Tag Archives: stereotypes

Dear ‘Old White People’ – No, I don’t “work” here

PSEUDO DISCLAIMER: The following post is about the author’s retail experiences with “old white people” who have mistaken her for being a store employee. For the record, the author isn’t stating that all “old white people” assume – erroneously or otherwise –  that ‘shoppers of color’ are retail store clerks. Furthermore, the author’s blog post is not meant to disparage those hard-working individuals who are employed by retail and/or restaurant establishments. We at ‘You’re Entitled To Be Wrong’ do not discriminate against people based on age, race, sex, gender, class, ethnicity, religion or sexual orientation. We only have it out for those individuals who make stereotypical assumptions because they’re culturally lazy and myopic.

Shoppers carrying bags cross Broadway near Macy's in New York (Photo: Jeremy Bales-Bloomberg News, August 9, 2008)

Shoppers carrying bags cross Broadway near Macy’s in New York (Photo/Jeremy Bales-Bloomberg News, August 9, 2008)

I’m not much of a shopper. The best thing to happen to me when it comes to shopping is the Internet. Being able to shop online is simply fantastic. However, I still do in-store retail shopping, whether it’s for health supplies, make-up products, clothing or household items. Like most customers when you do in-store shopping on occasion you may need help finding something – so you go in search of a store employee for assistance.

For most people, when searching for a store employee you look for something that designates that person as a store employee such as 1) a store uniform (i.e. shirt with store logo, distinctive clothing, etc.);  2) person is wearing a store nametag/nameplate or 3) someone who looks like they work there (i.e. you see them tagging items, lifting boxes, wearing an apron, etc.). Once you spot one of these  indicators you approach that person then proceed to ask your question – makes perfectly good sense.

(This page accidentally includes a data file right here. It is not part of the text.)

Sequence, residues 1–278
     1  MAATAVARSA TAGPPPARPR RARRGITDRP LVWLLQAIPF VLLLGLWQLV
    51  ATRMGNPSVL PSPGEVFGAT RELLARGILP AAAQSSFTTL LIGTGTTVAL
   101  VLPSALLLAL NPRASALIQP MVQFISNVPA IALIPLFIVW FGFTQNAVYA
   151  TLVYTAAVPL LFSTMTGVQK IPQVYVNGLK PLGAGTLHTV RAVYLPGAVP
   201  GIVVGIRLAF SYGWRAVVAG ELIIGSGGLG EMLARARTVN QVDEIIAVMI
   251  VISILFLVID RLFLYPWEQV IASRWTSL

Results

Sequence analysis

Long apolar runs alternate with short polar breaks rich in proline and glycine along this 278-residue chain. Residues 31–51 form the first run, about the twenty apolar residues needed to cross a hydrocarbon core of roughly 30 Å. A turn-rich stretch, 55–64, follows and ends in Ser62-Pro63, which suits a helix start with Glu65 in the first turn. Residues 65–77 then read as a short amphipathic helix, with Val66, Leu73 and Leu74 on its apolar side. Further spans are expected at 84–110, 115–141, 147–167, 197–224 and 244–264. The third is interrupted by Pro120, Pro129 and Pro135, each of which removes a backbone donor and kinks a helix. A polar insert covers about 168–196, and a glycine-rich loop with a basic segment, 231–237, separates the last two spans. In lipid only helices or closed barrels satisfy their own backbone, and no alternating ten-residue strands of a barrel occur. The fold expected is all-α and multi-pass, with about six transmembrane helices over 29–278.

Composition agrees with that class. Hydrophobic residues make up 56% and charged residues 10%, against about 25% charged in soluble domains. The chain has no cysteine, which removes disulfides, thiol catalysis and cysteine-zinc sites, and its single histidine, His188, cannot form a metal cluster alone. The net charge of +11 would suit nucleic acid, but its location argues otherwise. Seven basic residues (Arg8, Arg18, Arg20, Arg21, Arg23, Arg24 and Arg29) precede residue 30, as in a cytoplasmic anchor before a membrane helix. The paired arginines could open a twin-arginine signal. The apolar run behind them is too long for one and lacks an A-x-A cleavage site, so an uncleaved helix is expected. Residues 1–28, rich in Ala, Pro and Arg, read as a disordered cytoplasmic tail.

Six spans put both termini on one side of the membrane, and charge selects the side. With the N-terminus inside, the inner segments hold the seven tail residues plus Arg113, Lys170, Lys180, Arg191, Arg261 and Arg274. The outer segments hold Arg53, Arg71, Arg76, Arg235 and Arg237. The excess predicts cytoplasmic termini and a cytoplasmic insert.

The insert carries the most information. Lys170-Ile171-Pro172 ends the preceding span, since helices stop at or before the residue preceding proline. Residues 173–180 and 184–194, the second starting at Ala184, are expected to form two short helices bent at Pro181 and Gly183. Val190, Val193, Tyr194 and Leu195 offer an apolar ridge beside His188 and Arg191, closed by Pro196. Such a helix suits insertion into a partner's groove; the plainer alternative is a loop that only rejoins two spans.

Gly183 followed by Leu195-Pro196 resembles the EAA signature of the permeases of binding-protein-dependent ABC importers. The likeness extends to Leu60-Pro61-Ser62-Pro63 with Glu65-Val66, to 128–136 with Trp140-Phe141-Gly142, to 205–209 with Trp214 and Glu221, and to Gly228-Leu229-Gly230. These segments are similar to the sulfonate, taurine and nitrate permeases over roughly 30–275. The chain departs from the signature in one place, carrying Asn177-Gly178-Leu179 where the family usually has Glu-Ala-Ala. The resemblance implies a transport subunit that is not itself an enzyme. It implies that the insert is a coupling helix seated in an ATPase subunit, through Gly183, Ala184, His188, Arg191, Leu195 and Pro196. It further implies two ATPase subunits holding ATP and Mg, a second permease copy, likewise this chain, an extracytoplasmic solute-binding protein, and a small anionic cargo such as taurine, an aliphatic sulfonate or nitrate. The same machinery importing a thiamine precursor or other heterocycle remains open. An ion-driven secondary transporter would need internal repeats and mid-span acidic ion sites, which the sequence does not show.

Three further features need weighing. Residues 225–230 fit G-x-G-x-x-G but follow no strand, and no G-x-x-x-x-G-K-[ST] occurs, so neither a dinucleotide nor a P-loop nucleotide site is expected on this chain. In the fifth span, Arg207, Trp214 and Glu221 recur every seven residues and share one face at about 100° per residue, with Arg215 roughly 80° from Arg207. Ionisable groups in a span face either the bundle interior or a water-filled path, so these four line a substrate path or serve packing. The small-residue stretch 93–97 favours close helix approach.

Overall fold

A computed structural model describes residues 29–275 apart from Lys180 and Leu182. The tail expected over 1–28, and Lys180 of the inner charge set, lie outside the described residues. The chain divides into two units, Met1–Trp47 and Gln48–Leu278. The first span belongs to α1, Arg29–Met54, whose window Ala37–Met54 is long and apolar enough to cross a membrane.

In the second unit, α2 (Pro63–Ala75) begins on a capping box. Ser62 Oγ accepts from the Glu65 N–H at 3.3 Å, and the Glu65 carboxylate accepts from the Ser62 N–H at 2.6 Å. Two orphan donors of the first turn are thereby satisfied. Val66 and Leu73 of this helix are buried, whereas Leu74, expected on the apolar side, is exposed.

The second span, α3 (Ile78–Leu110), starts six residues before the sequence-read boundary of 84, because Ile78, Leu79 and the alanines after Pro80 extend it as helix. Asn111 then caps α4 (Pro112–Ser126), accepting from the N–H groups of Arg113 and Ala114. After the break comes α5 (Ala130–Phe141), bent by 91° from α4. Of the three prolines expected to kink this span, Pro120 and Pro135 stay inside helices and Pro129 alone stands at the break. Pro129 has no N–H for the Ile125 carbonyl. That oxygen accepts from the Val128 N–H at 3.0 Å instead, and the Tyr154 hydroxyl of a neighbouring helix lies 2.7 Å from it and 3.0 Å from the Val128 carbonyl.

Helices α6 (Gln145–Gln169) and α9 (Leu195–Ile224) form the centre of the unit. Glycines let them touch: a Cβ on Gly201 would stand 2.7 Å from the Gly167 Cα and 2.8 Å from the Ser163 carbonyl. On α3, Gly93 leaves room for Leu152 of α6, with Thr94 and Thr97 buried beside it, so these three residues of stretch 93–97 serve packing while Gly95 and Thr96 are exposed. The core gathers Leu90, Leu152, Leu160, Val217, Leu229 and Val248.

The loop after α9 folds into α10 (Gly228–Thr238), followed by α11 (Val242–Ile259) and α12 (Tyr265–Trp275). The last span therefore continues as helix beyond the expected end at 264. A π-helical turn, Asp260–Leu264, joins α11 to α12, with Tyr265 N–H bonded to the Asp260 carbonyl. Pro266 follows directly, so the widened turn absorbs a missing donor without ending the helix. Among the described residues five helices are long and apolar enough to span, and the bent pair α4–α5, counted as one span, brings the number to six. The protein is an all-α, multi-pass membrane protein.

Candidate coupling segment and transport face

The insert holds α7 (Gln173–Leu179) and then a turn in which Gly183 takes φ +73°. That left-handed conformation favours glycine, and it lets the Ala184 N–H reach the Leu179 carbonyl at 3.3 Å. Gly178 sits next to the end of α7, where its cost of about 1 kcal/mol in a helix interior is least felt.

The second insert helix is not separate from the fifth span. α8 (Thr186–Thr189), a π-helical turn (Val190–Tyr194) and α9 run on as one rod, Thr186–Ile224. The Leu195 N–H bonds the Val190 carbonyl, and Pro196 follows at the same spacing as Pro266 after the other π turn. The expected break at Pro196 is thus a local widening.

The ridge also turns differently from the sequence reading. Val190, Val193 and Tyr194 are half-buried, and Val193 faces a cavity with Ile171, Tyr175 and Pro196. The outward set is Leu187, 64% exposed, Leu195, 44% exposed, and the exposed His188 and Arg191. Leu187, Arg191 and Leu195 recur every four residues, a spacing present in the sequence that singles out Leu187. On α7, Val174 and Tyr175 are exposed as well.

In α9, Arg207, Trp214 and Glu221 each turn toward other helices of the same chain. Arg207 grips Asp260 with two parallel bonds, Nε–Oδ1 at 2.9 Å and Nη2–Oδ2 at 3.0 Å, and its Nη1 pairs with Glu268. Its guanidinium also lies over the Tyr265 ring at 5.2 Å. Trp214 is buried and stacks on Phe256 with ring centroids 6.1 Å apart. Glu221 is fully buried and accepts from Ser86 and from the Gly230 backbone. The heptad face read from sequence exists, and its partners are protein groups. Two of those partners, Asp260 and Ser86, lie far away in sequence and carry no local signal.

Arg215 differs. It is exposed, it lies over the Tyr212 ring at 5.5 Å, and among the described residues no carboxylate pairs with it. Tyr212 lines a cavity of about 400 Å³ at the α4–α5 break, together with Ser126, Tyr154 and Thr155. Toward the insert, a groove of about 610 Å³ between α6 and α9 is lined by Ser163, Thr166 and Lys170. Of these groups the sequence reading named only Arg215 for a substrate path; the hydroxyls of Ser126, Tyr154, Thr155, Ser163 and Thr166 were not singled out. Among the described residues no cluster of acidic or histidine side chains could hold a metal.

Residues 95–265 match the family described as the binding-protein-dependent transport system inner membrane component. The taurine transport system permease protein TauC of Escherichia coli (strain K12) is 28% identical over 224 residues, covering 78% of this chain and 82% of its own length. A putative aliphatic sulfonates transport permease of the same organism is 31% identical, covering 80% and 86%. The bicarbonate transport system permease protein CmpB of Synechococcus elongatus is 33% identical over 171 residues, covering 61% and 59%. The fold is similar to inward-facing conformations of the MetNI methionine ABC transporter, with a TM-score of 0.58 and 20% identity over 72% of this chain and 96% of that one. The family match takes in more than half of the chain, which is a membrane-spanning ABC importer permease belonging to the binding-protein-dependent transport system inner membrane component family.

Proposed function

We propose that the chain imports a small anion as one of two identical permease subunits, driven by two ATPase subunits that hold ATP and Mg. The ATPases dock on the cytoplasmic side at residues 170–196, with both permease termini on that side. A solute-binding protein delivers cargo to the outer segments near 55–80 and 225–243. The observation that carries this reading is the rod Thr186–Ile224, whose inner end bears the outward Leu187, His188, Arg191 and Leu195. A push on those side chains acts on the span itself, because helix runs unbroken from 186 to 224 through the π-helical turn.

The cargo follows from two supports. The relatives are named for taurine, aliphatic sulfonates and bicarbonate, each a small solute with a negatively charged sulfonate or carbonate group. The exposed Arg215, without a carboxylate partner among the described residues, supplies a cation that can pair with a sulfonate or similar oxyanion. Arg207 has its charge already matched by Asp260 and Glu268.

CVS Dress Code for employees (Photo/lCVS Caremark website)

CVS Dress Code for employees (Photo/CVS Caremark website)

Yet, it appears that ‘old white people’ (age range 50 to elderly) don’t go through these steps. They have their own steps which amounts to 1) they can’t find something and 2) they ask someone – usually a person of color –  if they “work here” – no matter whether that person looks like a store employee or not. These particular ‘old white people’ steps normally occur in general, specialty or department store retail establishments such as CVS, Payless, The Body Shop, Target or Macy’s.

I could be magnanimous and say maybe some of these ‘old white people’ are just being impatient because they haven’t been able to locate their desired item quickly enough. Time is of the essence to them since most of them have been around the block many times or at least “since the birth of Christ” (to borrow a phrase from my mom). Therefore they will ask the first person they see for assistance, which is a reasonable assumption.

But what about all the other examples which aren’t so simple? Where a person of color sometimes have to question the assumptions of these’old white people’ such as when the following occurs:

  • A black woman in business attire (black pants, red jacket, white shirt and pearls) at Macy’s is shopping for pantyhose. She is surrounded by white women dressed in casual to business wear. Older white woman, age 60+ weaves through the crowd of women to ask the black woman where the shoe department is located.
  • An Asian woman and her black female friend are trying on shoes at a Payless Shoe Store. An elderly white male (55+) enters the store. He then walks up to the two women and asks them if they work there and proceeds to tell them he is looking for sandals.
  • A black male is standing near the front lobby area of a restaurant, waiting for his girlfriend who is in the restroom. A senior white female (60+) asks him for a copy of the menu because she wants to look it over while she is waiting to be seated.
  • A black woman in a pants suit in Rite-Aid is looking at make-up. Near the woman are three black female store employees who are stocking the store shelves. The employees are wearing burgundy smocks with the word ‘Rite-Aid’ on the back.  Older white woman (65+) walks down the aisle. She sees the women, but walks up to the pants-suit clad woman and asks where she can find aerosol sprays.